fans3Alabama: Alabama football fans chant “Roll Tide” during games for the Crimson Tide – which is a phrase fans tacked on to the Alabama Fight Song. Along with the fight song, Lynyrd Skynyrd’s “Sweet Home Alabama” is played at every game and fans insert “Roll Tide” half-way through the song.

Notre Dame: At Notre Dame home games, both the fans and the football players follow tradition. At the end of the third quarter, fans salute the coach as the marching band plays Tchaikovsky’s 1812 Overture. At the end of the game, win or lose, the football team shows their appreciation for the fans by throwing their gloves to the fans on their way out of the stadium.

Ole Miss: At Ole Miss, fans dress in their Sunday best to tailgate at The Grove.  Tailgaters are so serious about their spots, a rule had to be made and enforced by campus police that no one is allowed to claim a spot before 9pm the night before game day.  Players enjoy The Grove as well — two hours before each home game, the football players “walk The Grove” to greet fans. It’s been a tradition for the last 30 years.

Ohio-State-footballOhio State: The rivalry between Ohio State and University of Michigan has a long and deep history. Since 1934, after every win over Michigan, players and coaches receive and a gold charm replica of football pants. It started with Coach Francis Schmidt. When reporters asked him what his team’s chances of defeating Michigan was, he replied, “Those fellows put their pants on one leg at a time just like everyone else.”

Clemson:  Clemson’s football stadium is nicknamed “Death Valley” just like the national park. The name of the stadium is actually Frank Howard Field at Clemson Memorial Stadium. Frank Howard was once Clemson’s head coach. During his tenure, another coach referred to the stadium as Death Valley because his team rarely won games there. Howard started calling it Death Valley after that and the name stuck. Howard was then presented with an actual rock from Death Valley and for years, players would rub the rock before each game.  The rock is now under a protective case at the stadium.

football fansGeorgia: At the University of Georgia, every football game starts with the Battle Hymn of the Bulldog Nation (the tune of Battle Hymn of the Republic) — fans stand and take off their hats while a lone trumpeter plays the first seven notes, the rest of the band joins in to finish the song alongside a narrated video that highlights the team’s history.

6 Facts You Might Not Know About Fall

fall leaves5On September 22nd at 7:29, we celebrate the first day of fall or the fall equinox. Popular assumption is that we get 12 hours of daylight and 12 hours of darkness — that actually happens on September 25th this year. But that’s not the only interesting fact surrounding fall, here are 6 facts you might not know about fall.

Squirrels and Nuts Squirrels are known to collect nuts in the fall and store them to eat in the winter (where we get the term “squirreling away”). Red squirrels store them in piles where they dry out but gray squirrels bury their nuts. Gray squirrels tend to forget where they bury most of the nuts. Those nuts don’t dry out but take root and develop to be big trees. If it weren’t for forgetful gray squirrels, we might not have as many oak and walnut forests which depend on gray squirrels to thrive and grow.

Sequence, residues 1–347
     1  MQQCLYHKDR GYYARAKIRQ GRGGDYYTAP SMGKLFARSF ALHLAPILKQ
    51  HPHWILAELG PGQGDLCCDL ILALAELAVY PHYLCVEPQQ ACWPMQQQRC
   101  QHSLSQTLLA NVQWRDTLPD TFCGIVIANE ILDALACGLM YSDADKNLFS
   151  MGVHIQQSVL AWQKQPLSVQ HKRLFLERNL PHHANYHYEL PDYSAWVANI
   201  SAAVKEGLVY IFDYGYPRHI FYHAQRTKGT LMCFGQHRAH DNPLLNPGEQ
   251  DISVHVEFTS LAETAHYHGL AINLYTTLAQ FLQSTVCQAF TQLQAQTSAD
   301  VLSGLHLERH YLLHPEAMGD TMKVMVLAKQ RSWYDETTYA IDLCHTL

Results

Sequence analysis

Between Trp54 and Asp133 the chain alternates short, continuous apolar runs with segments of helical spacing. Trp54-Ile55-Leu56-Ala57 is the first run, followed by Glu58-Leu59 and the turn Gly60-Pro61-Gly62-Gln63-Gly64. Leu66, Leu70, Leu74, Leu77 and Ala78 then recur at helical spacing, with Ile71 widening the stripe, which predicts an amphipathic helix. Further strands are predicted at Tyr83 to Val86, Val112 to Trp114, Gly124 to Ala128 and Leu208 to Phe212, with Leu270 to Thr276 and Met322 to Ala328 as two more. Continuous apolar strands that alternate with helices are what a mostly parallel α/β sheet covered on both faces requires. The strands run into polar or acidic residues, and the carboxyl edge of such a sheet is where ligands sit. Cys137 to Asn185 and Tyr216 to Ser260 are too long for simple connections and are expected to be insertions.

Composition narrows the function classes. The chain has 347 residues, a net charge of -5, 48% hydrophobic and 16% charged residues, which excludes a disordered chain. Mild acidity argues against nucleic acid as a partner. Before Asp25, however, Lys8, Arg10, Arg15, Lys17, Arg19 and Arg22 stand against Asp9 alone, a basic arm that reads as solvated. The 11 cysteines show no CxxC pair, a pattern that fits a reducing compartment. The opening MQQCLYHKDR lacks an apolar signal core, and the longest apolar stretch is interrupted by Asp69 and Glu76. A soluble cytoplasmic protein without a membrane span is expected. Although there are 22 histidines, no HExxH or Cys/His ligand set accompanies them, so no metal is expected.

pumpkin-dishesPumpkins We carve them for Halloween and put them in pie for Thanksgiving and Christmas because 80% of the pumpkin supply in the United States is only available in October. And, while we enjoy our spiced pie fillings, pumpkins were originally used for the pie crust and not the filling.

Cider Hot spiced apple cider keeps us warm on chilly fall nights and we don’t stop drinking it until the holidays are over. In New Hampshire, though, they celebrate cider all year (even if it’s not available all year). New Hampshire’s appreciation for the hot fall beverage is so deep that in 2010, cider beat out milk as the official state beverage.

Gourds Starting in September, we start seeing gourds everywhere — in a centerpiece for big fall dinners, on decorative door wreaths and to dress up the mantel to welcome fall. While we use them for decor now, Native Americans had a more practical use for them. In the 1700s, gourds were used by Choctaw and Chickasaw native American tribes as bird feeders to attract purple martins to keep bugs out of their villages.

fallleaves6Apples The apples you know and love — the ones that fill an apple pie, are boiled down for a spiced cider and give a juicy crunch to caramel as a caramel apple — aren’t native to North America. When the English settled in the northeast, the only apples they found were crabapples — those tiny bits of fruit that can really only be used for making jelly. Unsatisfied with the crabapple, the English  brought over seeds to plant apple trees in the New World. Now apple trees grow in all 50 states.

scarecrowScarecrows While scarecrows are a favorite fall symbol, they are not native to North America. One of the earliest scarecrows was used by Greeks to scare birds away from grape vineyards. They were made to look like Priapus, the son of Greek god Dionysus and goddess Aphrodite. Priapus was said to be very ugly and legend has it, while playing in the vineyards, he scared all the birds away and the farmers had a bountiful harvest.

With or without the little known facts, the colors of the changing leaves, the chill in the air and anticipation of the holidays is interesting enough to make it one of our favorite seasons.